You have probably read that once a disabled employee has exhausted hisand other sick leave, you should still consider offering a brief leave extension as a reasonable accommodation. That’s true to a point.
However, once you have allowed additional leave and the employee still isn’t cleared to return to work, it may be time to terminate him despite his disability.
Recent case: Horace, a custodian for the Fresno school system, developed several health problems, and used up all his paid and unpaid leave. His doctors told him he would be off for many months. Because he needed to work just 30 more days before he was eligible to retire, the school system invited Horace back.
However, the very next day, he had a stroke. Lacking any more leave, he was terminated.
Horace sued, alleging disability discrimination. He claimed he should have been accommodated with a few more weeks of leave, presumably so he could retire.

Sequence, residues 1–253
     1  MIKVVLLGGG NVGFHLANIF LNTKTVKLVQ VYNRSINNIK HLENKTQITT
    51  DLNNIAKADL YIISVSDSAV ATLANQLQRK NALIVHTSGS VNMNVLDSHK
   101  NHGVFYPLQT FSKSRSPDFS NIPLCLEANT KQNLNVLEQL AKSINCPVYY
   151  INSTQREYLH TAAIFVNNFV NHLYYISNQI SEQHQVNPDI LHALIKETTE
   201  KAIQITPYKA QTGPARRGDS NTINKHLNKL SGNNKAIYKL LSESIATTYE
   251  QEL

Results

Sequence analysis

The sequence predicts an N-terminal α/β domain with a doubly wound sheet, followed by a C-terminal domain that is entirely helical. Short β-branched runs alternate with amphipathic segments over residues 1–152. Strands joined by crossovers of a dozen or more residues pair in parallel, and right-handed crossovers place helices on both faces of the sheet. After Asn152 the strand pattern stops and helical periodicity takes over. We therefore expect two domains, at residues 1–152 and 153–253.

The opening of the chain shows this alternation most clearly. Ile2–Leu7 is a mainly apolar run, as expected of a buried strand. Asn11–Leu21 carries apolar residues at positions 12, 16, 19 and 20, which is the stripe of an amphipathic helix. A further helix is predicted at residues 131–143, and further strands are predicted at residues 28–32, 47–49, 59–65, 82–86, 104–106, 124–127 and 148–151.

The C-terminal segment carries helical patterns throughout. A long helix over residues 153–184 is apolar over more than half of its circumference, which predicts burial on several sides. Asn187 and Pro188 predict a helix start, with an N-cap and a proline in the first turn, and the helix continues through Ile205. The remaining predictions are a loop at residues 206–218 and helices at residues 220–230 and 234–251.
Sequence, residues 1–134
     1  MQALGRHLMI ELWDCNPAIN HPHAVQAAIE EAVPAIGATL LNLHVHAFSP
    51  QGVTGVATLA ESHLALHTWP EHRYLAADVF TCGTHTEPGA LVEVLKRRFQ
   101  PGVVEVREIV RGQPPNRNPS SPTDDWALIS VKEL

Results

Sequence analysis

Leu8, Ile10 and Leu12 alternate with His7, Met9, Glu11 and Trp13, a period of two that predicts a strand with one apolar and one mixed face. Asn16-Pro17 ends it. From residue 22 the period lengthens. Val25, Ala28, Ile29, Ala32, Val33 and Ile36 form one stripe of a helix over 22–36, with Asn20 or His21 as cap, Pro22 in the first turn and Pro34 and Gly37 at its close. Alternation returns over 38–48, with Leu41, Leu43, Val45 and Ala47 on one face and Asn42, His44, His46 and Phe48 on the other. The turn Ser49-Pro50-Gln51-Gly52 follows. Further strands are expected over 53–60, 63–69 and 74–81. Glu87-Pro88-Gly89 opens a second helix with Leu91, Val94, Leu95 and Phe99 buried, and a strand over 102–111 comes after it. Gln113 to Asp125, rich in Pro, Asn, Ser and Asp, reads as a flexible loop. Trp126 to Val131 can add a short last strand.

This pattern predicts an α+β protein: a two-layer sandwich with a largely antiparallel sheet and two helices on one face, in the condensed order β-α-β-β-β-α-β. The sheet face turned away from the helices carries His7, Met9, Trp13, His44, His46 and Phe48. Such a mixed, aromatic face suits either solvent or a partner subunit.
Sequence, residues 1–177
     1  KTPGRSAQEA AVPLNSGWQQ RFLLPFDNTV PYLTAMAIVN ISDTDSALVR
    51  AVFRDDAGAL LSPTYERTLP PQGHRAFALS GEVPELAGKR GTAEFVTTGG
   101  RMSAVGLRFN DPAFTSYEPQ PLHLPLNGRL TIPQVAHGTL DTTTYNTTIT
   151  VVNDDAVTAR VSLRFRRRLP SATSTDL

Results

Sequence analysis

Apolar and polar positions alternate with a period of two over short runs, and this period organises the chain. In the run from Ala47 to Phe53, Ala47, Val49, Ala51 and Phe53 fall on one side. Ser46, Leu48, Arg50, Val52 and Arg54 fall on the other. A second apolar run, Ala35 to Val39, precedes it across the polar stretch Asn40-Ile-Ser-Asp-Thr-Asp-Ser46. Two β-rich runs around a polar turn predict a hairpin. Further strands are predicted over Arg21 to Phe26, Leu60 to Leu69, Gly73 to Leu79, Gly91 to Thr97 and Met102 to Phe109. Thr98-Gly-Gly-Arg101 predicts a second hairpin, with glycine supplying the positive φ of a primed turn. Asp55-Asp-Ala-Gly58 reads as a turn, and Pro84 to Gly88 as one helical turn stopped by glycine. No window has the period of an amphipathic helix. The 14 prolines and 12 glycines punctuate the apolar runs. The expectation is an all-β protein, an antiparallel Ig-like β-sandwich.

The court dismissed his lawsuit. It reasoned that, because Horace’s stroke left him unable to work for an indefinite period, he wasn’t a qualified disabled individual under the ADA. Plus, the school system had already provided more time off than it was legally required to. No accommodation was due. (Brown v. Fresno Unified School District, No. 1:12-CV-01597, ED CA, 2013)
Final note: For more on this case, see "Court: Only employee—not his spouse—can sue for disability discrimination."
- Beware too much emphasis on candidate's demeanor
- Well-meaning assistance won't always mean you view worker as 'disabled'
- Employee complained in the past? Keep that info from new supervisor
- After employee files internal complaint, beware anything that might look like retaliation
- Stop 'equal opportunity harasser' even if law doesn't cover you